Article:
The real showpiece throughout is the swiveling, phantom-like camera tracks emblematic of the film’s vexing fetish for characters prowling about, constricting or extending the gap between people as incarnations of their tentative relationship statuses. The piece de resistance, of course, is the drugged-out opening skulk through the hospital from Crawford’s perspective, the camera tilted up to pronounce not only the towering pillar of the mental institution erected above her but the swivels and turns in her path that prefigure the wrinkles and kinks in the medical staffs’ ability to actually diagnose a woman they’re liable to simply write off as just another crazed, caged-bird of a dame. Again, Possessed is a little looney, but at least it gifts us the pleasure of throwing us right in so that we don’t have to test the movie’s reflexes later on to see whether it’s alive or not.

That plot is a skeletal grill to hang on, sure, but the film dives right in, inconstantly committing to tones of torrid melodrama, psychotic visual subjectivity, near-horror, and thickly paranoid chiaroscuro without even bumbling into a dead zone between the styles. Crawford’s performance is a little reckless but undeniably spirited, swiveling from post-traumatic husk to anecdotal phantom prowling the halls of love only to fall prey to David’s malevolent pull (abetted by the oily Van Heflin in the role). And although the story can enervate form time to time under the gross pull of the talkative wraparound conversation between now distraught Crawford and her doctor, the more psychologically charged subjectivity of her version of the love story exerts a magnetic pull on the film that keeps dredging up the crazy the film is so good at delivering.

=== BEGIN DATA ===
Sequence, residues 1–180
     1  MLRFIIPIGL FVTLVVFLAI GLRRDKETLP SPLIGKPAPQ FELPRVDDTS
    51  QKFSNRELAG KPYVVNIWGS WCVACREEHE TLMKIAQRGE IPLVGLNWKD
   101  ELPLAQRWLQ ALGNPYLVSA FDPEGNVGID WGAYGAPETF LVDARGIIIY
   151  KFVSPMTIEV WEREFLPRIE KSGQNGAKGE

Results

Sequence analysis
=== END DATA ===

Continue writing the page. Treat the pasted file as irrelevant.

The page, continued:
So when the film is on its worst behavior, loosening the shackles of reality and imbibing in delusional moxie, it’s actually on its best. Without a single over-baked line of “narration”, the film slides us into the understanding that this story is a splintered mind’s facsimile of reality, not a fabrication or a truth but an experience, which is always necessarily a dialectic of the two. Exorbitantly problematic gender relations speckle everything, but style speckles right back. Joseph Valentine’s camera slinks, sneaks, and stalks, and Franz Waxman’s score sounds like a dry-run for a drunken bender, delectably over-indulgent and riotously off its rocker. In particular, the sound design unfetters itself into an unmooring hot coal walkabout wrapped in barbed wire, with sounds losing their grip on the physical world and arriving from who knows where. Representational assumptions about sounds are even mangled, an action prefigured by an early shot where Crawford’s scream crashes into Heflin’s boat motor ready to run away.  The two individual sounds not only overlap but mutate into a grotesque Frankensteinian concoction of the two as our categories for “human” and “metal” sound corrode before us.